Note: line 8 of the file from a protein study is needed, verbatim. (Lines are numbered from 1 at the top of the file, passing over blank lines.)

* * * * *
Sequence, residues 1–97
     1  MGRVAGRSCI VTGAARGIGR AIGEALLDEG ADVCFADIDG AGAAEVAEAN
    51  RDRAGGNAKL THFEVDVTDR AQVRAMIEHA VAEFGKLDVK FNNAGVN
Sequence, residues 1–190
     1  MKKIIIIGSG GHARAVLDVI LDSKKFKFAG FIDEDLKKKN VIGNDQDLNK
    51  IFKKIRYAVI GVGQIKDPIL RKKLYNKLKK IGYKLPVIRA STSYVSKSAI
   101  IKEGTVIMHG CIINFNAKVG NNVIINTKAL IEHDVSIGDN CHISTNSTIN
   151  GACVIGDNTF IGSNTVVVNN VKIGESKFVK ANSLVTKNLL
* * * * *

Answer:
   151  GACVIGDNTF IGSNTVVVNN VKIGESKFVK ANSLVTKNLL